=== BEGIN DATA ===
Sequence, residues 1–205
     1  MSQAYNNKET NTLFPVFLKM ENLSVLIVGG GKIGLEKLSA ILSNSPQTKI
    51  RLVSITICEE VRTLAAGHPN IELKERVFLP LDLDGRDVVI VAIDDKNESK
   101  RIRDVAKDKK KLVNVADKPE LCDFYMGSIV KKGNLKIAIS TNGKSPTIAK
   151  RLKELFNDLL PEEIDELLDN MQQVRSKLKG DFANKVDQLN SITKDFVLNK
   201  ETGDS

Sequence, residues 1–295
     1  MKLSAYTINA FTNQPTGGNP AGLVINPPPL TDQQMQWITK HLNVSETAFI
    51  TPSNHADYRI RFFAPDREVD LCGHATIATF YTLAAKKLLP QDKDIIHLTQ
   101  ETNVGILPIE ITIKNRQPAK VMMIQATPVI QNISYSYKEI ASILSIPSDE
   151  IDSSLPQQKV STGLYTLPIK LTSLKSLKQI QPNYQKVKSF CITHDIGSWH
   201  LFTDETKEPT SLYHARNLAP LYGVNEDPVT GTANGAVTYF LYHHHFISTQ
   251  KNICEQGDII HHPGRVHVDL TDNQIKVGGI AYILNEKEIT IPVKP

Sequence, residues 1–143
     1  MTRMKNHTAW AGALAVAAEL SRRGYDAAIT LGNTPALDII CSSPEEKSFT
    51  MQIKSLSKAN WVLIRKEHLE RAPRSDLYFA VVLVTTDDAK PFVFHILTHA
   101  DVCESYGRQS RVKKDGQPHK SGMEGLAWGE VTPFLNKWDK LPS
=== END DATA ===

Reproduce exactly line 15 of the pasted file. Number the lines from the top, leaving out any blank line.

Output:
     1  MTRMKNHTAW AGALAVAAEL SRRGYDAAIT LGNTPALDII CSSPEEKSFT